Saturday, November 19, 2016

Intertwined #1 Review

"Intertwined" #1 from Dynamite -

    Jin Juan is a fearless street tough from Sham Shui Po, one of Hong Kong's poorest areas. It seemed like Jin Juan was headed nowhere until he found out about the ancient art Wing Chun. Under the tutelage of one of China's best masters, Jin Juan seeks to bring honor the to Fang Dan Martial Arts School by winning the upcoming Southeast Asia Open Martial Arts Tournament. But life on the mean streets Hong Kong can be tough - Jin Juan has to deal with the triad, and gangs like the Ghost Daggers who have taken notice of Jin Juan's martial prowess. All that, along with the loss of Jin Juan's father, and more recently, his beloved uncle, are pushing Jin Juan's coping skills to the limit - he has even begun to have strange dreams of flying, dreams in which powerful, shadowy figures ponder the future of the cosmos, and the balance of the Wu Xing, the Five Elements that rule the universe. When Jin Juan learns that his uncle has left him an inheritance, he prepares to take a trip to America, to NYC, to claim it; however, the Golden Daggers have different plans for him...And so do the shadowy figures from his dreams who are not only real, but they believe that Jin Juan will emerge as a major player in the future of the entire cosmos!

   Fabrice Sapolsky and Fred Pham Chuong pen this love letter to the Chinese martial arts action flicks of the 70's and 80s, "Intertwined!" "Intertwined" #1 is a kung fu flick in comic book form, following the same cliched, but oh-so-fun formulas of those great films that those of us over forty loved as kids. Gone are the days of Bruce Lee, Jimmy Wang Yu, and Angela Mao (well we still have Jackie Chan and Sammo Hung), but these days are alive in well in this fun little action-packed comic that features those familiar flavors of Eastern philosophies that many absorbed in the golden age of the kung-fu flick. While Sapolsky and Pham Chuong give us a great protagonist beginning his kung-fu quest, Verónica R. López gives sketchy, kinetic pencils that may seem a bit amateurish, but they communicate action very well, even explosively at times. López's art works well for this book. This comic is not for everyone, but if you are a fan of Hong Kong action cinema, you will probably dig "Intertwined." I do.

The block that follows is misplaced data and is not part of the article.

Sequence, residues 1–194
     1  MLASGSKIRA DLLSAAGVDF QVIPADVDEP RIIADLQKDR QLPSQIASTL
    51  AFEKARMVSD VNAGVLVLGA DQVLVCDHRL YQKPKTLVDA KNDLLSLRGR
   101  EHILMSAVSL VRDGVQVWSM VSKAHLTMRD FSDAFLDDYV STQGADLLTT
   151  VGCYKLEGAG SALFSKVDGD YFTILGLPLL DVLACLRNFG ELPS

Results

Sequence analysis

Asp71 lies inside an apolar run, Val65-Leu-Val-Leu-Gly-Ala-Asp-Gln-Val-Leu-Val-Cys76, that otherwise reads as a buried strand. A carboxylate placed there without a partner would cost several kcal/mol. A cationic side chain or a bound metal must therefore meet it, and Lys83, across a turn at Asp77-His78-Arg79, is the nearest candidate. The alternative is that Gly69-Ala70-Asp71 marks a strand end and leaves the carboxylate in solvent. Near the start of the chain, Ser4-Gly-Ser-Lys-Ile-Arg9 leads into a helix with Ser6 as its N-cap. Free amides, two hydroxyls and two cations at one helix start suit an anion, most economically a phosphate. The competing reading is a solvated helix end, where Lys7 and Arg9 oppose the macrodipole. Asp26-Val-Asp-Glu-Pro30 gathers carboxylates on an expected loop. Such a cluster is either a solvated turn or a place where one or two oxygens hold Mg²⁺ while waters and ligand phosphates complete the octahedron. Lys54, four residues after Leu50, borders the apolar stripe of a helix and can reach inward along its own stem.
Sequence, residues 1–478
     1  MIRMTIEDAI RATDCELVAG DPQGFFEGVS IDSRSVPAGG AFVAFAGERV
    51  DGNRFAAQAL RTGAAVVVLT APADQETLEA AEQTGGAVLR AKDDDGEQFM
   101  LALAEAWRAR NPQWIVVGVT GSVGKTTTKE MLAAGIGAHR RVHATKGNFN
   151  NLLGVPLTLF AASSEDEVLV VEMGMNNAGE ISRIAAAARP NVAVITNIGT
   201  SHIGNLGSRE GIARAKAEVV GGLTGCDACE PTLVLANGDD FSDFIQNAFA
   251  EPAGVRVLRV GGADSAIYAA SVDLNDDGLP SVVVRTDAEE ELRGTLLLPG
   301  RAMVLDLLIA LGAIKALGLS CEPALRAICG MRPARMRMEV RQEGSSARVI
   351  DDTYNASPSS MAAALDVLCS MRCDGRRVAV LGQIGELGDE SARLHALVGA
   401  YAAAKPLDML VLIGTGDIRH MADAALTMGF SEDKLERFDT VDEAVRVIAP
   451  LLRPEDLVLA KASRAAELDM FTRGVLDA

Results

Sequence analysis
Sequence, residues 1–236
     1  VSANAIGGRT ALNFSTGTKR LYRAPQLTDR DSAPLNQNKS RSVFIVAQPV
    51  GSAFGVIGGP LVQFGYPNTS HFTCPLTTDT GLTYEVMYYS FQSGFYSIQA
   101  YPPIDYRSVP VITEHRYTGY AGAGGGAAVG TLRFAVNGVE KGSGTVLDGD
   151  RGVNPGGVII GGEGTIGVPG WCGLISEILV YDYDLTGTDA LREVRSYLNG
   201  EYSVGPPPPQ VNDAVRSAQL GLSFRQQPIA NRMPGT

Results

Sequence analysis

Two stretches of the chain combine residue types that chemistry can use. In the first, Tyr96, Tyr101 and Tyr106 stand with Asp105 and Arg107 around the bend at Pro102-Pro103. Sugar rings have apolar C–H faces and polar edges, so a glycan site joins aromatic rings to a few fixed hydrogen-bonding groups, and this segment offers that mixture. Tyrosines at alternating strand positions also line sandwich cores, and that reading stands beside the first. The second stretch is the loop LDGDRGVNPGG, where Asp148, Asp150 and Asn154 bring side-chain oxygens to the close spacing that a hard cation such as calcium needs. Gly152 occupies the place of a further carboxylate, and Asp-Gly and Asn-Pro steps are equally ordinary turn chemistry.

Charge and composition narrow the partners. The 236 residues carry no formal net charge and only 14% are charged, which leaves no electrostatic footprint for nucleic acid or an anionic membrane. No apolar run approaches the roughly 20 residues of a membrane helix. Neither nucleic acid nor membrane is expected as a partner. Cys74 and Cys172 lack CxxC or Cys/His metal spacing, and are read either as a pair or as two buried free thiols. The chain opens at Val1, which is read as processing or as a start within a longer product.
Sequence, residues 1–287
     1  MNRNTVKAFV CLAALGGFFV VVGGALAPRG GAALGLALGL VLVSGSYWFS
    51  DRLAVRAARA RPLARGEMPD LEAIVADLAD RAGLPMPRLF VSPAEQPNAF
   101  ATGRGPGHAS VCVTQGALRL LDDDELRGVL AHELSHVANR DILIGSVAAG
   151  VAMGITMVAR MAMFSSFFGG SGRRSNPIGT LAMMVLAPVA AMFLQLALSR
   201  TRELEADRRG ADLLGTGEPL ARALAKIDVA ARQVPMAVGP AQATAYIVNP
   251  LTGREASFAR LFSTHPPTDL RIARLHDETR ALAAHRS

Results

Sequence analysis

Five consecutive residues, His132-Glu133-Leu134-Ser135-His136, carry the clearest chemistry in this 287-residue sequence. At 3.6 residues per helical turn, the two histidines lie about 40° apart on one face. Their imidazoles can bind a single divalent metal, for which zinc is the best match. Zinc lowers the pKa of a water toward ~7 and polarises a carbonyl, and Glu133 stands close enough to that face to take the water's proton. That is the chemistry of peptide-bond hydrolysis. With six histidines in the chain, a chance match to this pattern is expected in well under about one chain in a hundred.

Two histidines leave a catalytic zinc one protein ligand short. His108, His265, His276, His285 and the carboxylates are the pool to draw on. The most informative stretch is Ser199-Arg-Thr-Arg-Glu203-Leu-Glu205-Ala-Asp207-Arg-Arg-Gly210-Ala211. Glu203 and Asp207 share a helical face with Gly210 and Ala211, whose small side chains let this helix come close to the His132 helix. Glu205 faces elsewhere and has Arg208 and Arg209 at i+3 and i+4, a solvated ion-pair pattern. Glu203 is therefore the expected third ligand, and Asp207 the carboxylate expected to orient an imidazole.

RATING: 8 out of 10. 

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